88 Million Nobodies Want Vista

88 Million Nobodies Want Vista

Apple is garnering all the headlines this morning upon the much anticipated arrival of their spiffy new version of their operating system, dubbed Leopard. It's set against the background of the enormous market share of their competitor, Microsoft, and the reported inability of the Redmond giant to wean people off of Windows XP and get them to embrace the Vista OS. "Nobody wants Vista," all the headlines read. I was surprised to find out that "no-one" equals "88 million copies."

Clearly, though, those consumers opting to go to Windows XP are in the minority. Vista is now on 95 percent of the desktops on retail shelves and Vista-based laptops represent 91 percent of the models in retail aisles, [Microsoft Windows Client General Manager]Charney said, citing numbers from Current Analysis.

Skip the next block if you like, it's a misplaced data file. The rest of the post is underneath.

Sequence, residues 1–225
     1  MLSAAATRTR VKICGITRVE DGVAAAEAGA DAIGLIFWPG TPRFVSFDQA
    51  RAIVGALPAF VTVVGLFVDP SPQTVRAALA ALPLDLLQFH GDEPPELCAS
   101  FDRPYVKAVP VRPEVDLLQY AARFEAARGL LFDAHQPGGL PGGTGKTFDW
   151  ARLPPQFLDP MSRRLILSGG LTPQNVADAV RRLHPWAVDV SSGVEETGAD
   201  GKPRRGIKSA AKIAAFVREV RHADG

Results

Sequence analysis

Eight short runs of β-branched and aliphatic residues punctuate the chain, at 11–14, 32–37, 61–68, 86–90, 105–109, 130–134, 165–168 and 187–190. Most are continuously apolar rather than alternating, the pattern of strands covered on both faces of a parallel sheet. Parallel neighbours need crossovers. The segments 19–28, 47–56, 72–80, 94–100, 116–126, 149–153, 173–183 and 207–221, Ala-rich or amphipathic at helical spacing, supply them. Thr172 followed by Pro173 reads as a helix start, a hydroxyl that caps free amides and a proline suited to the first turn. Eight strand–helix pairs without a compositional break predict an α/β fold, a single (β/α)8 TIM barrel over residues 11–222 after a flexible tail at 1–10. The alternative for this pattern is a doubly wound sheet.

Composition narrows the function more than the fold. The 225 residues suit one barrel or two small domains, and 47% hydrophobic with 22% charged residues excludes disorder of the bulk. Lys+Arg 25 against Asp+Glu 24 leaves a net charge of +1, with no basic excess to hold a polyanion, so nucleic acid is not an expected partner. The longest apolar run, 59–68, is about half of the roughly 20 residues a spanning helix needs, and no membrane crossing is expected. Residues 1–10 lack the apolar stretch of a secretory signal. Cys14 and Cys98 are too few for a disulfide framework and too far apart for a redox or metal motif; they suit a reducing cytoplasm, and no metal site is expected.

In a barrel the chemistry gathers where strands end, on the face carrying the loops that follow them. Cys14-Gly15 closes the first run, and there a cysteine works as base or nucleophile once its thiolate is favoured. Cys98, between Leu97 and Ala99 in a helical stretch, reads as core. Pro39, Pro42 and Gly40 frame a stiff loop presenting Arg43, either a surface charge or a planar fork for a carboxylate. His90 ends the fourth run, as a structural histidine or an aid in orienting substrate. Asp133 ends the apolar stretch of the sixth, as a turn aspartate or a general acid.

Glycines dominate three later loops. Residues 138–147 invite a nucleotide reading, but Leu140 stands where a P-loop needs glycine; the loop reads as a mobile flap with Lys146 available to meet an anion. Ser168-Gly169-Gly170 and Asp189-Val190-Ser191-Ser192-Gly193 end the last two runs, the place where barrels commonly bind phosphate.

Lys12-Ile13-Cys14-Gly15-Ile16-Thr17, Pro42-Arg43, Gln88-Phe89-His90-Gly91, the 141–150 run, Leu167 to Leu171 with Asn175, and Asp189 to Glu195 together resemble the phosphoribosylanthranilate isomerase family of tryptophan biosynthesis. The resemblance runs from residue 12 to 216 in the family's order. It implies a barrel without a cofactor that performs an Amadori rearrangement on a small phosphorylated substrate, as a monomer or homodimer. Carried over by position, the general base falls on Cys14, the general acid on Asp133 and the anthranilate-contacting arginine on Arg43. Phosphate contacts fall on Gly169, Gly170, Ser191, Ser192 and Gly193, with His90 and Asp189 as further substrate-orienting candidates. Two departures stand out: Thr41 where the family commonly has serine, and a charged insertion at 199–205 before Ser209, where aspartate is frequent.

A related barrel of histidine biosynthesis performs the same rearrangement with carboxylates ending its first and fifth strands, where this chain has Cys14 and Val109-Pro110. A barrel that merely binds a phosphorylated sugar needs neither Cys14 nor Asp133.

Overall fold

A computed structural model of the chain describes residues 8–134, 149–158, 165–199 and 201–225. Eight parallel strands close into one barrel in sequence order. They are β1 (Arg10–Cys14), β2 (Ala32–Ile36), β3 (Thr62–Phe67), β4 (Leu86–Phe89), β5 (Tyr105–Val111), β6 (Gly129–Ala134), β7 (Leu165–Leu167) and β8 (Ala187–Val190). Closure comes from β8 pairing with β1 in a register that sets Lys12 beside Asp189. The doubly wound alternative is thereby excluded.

Strong Vista sales, whether due to Vista's popularity or just a strong PC market, are nonetheless important to the operating system's future. That's because as Vista's installed base grows, application developers and hardware makers will be more likely to create products that specifically take advantage of the new operating system, which in turn, becomes a further catalyst for sales. 


The lines of people outside the Apple stores to purchase Leopard remind me of internet polls that place Ron Paul number one to be President. It's not a poll --a poll being a sample of general opinion that can be extrapolated to the general population-- it's a list of every single person that thinks that.

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